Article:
A nationwide crackdown on diamond shop owners and potentially illicit dealers in Angola last week led to four people being killed and seven injured in the Lunda Norte province bordering the Democratic Republic of Congo. The incidents occured on the margins of a police operation targeting foreign nationals suspected of diamond smuggling, media said last Friday. The violence erupted as police rounded up "illegal aliens" and seized around 3,000 diamonds, 150 vehicles and over $80,000 in cash. Angolan daily O Pais reported that 103 foreign nationals had been detained in the recent operation.
Three Angolans were hacked to death with machetes by foreign nationals they had accused of smuggling and an Angolan was shot dead, the local TPA television said. "Many foreigners who engage in illegal activities in the country result in enormous sums of money coming into circulation.... This situation cannot be tolerated in an orderly country," said police spokesperson Antonio Bernado. Officers arrested around 800 people as part of the operation including Congolese, Lebanese, Malians and Nigerians, Bernardo said. Provincial government spokesperson Armando Cipema said police had targeted "illegal aliens in the country, especially in houses bought with diamonds."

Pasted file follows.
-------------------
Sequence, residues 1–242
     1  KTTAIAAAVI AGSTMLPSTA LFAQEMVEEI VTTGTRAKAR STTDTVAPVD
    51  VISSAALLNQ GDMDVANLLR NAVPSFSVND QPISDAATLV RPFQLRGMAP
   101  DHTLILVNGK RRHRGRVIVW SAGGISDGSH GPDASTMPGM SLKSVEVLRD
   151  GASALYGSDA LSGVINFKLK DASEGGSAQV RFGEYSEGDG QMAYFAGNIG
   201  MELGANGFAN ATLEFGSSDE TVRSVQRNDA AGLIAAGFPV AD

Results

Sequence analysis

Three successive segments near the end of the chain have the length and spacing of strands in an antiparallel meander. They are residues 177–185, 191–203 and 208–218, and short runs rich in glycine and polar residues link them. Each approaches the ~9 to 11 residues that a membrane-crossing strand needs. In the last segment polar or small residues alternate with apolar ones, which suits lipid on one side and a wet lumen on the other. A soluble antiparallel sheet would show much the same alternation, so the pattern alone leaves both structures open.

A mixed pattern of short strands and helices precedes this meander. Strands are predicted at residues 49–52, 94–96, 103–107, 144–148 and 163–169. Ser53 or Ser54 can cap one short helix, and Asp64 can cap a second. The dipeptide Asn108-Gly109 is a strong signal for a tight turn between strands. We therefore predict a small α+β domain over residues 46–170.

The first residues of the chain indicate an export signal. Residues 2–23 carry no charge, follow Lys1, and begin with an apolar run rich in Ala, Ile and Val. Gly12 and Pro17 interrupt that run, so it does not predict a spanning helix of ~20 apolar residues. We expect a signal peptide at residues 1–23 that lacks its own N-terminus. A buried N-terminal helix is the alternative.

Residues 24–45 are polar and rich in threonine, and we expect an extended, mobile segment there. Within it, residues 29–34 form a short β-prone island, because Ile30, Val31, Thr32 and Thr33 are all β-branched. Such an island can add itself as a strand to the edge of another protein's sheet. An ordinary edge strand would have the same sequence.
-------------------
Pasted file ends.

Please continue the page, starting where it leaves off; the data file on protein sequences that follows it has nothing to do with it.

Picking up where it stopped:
Lebanese newspaper The Daily Star reported that three Lebanese nationals arrested in Angola have been released, a Lebanese diplomat confirmed Friday. With around 2,000 Lebanese expatriates residing in the African nation, the diplomat denied that the arrested Lebanese nationals were personally targeted. “Employees from all nationalities were arrested and the government asked diamond shop owners over a month ago to sort out their legal and business paperwork.” He added: “Angola is a country where your rights are respected and it is organized. It’s not like what you may think.” Angola elected Joao Lourenco as president last year, who has since worked to combat corruption. The Lebanese businessman in Angola said police were confiscating the stores’ diamonds and sealing them in bags using red candle wax pending investigations. “The government will then decide what to do with the diamonds depending on if [the owners] are proven to be guilty or not,” the businessman said.